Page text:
Once you concede that each text, however puzzling, contains multiple readings and depths of interpretation (which is precisely what fundamentalists cannot accept), there is much to offer the modern pilgrim.  You don’t like talk of ‘Christ the King”?  Think about the Good Shepherd instead, or the Suffering Servant in Isaiah 53.  Each of these formulations, like so many others, offers access to “God” through the various metaphorical portals in religion’s iconostasis.  Every believer comes to his or her own accommodation of this devout variety, irrespective of what others happen to believe.  I have no desire to dedicate myself to, for example, the cult of the Sacred Heart or the Assumption of the BVM, but have no objection to others doing so.

So it is that the breadth and range of biblical iconography – from straight reportage (Acts 2) through exegesis and on to mystical sublimity (John 1) – frees us to look upon its central messages from any number of angles or perspectives.  As I have noted above, some of these we will subscribe to as being valuable, to us at least; others will repel; in almost every case we will ‘know’, to use a modern metaphor, which channel we are tuned into.

Children have no difficulty with any of this.  My little grandchildren read books and watch TV programmes that feature talking rabbits, singing flowers or emotionally troubled cars.  They don’t bridle at any problem of ‘reality’ in any of them.  Deep into imaginative play, they think nothing of designating an empty carton a spaceship and expecting you to join the masquerade.  It’s important to note, however, that they know, soon enough, what they are doing; they are perfectly capable of interrupting the game in order to make sure that you realise that it is indeed ’just pretend’ or, as my grandson offering reassurance puts it, ‘we’re only playing.’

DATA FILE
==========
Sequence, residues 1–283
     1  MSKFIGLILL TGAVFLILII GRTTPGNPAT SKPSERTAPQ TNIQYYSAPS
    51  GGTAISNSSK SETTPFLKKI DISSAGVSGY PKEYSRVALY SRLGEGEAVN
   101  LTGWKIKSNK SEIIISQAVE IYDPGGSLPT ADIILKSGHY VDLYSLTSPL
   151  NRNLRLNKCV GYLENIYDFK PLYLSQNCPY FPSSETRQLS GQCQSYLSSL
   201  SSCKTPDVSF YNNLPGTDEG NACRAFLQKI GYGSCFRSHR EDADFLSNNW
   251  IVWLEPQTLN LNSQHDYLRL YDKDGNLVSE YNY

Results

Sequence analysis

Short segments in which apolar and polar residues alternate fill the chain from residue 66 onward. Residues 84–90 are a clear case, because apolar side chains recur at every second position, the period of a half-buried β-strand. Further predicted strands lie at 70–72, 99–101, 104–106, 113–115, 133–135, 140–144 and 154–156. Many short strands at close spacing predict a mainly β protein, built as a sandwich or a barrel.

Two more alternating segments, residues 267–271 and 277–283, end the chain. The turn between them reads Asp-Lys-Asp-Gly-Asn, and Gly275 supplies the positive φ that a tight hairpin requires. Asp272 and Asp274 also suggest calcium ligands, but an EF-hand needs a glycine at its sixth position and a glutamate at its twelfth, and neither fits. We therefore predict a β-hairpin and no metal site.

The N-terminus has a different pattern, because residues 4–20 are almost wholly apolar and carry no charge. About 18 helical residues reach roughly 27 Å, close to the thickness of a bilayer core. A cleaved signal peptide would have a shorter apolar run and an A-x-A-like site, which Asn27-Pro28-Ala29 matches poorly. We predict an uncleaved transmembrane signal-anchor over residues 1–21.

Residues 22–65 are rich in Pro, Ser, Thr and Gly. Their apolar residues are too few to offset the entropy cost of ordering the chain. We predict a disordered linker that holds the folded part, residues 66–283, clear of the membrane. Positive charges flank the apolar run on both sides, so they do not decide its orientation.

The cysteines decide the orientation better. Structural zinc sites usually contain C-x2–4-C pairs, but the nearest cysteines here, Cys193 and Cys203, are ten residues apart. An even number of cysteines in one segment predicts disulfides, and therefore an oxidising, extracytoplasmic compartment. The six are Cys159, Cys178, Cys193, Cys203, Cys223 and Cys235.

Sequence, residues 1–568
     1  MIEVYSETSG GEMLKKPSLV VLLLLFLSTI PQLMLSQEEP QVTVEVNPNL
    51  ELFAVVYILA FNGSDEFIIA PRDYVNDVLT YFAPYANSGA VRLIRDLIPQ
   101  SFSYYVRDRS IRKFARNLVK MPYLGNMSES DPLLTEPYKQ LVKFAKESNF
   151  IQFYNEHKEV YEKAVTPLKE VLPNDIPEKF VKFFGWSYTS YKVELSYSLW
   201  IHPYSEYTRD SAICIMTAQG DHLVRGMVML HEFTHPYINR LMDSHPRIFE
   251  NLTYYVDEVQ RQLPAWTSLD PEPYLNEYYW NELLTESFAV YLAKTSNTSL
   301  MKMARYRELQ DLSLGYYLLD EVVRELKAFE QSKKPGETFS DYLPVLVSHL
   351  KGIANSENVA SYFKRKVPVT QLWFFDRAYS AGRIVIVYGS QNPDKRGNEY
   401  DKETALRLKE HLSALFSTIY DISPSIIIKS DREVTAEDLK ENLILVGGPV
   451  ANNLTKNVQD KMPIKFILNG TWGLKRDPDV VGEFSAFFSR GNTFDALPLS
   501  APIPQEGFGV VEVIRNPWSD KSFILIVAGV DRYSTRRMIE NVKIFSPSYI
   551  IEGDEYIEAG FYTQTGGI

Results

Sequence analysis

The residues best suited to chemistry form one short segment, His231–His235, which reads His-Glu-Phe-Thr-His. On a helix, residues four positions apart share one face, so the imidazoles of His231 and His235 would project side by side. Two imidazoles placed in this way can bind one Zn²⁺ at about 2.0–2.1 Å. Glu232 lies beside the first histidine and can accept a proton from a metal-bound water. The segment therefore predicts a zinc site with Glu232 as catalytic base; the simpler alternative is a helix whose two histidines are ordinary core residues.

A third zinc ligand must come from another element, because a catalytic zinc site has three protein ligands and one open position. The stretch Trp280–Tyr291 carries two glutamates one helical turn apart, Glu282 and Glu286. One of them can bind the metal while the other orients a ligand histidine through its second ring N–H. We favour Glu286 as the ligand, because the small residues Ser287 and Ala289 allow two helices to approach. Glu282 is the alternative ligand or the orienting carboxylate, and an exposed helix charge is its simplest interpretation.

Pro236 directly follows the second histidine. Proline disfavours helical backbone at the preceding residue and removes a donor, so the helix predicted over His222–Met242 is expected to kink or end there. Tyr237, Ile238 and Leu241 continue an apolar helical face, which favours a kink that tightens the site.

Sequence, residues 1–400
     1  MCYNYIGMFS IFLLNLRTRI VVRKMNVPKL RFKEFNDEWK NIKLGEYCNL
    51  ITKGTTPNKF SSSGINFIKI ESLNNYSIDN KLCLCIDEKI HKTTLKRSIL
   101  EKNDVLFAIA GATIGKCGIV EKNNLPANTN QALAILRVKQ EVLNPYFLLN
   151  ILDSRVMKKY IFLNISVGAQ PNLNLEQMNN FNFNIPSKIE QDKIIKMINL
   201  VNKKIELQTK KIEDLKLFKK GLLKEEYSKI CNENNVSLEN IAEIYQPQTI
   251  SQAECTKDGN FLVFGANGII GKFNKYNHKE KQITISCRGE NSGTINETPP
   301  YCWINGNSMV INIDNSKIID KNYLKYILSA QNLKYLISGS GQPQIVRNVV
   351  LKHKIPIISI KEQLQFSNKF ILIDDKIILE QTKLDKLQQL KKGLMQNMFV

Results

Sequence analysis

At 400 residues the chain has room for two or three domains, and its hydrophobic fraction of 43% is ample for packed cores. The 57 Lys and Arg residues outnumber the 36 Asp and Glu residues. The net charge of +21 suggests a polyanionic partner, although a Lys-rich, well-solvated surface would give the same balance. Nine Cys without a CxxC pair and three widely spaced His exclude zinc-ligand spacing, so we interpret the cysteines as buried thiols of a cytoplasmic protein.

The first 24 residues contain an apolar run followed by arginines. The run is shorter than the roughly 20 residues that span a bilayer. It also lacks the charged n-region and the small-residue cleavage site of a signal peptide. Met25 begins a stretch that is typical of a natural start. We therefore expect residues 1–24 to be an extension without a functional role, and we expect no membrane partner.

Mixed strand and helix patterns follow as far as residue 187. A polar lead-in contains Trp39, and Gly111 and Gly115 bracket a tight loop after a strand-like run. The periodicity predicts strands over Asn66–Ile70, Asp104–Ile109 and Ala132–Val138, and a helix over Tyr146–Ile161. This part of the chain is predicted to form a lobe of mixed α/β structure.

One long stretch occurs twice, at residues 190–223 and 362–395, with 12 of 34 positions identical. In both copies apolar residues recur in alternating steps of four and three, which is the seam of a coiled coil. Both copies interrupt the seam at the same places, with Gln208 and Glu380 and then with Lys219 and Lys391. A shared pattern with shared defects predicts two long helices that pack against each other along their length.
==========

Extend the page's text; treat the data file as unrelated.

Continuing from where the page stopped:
A third interim avenue of approach derives from the undeniable fact that metaphors compete; the most obvious reason being that religious beliefs, like others (including science), evolve over time.  This is because they have to.  They cannot get out of sync with their host societies, or face being condemned as irrelevant, or worse.  In England we are presently seeing this in the Evangelicals’ disparagement of same sex unions.  This sort of perception – belief mutating – may be anathema to the traditionalist cardinals presently haranguing Pope Francis about divorced persons’ access to the Eucharist, but is grounded in evidence not all that difficult to find.

As in my Quest for God postings in recent weeks, we – or more specifically, we Christians – come to an ominous fork in the road.  If we accept that the tensions between contending interpretations of scripture can be enlightening, even where the text is difficult to understand or even repellent, and if so we also accept the idea of evaluating text and assigning ‘value’ to it, then what are we to do about the central pillar of the Christian faith, that “the mass of people will all be put right with God as a result of the obedience of the one man” (Rom 5:19)?  [To be continued]

 

 

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Currently my favourite quotation is this one, by Denis Diderot, about the quest for God:

“I have only a small flickering light to guide me in the darkness of a thick forest.  Up comes a theologian and blows it out.”

Freely translated from

Egaré dans une forêt immense pendant la nuit, je n’ai qu’une petite lumière pour me conduire ; survient un inconnu qui me dit : Mon ami, souffle ta bougie pour mieux trouver ton chemin. Cet inconnu est un théologien.”

Diderot’s Addition aux Pensées philosophiques (1762) as quoted in the Macmillan Dictionary of Religious Quotations; ed M Pepper.  London, 1989. page 416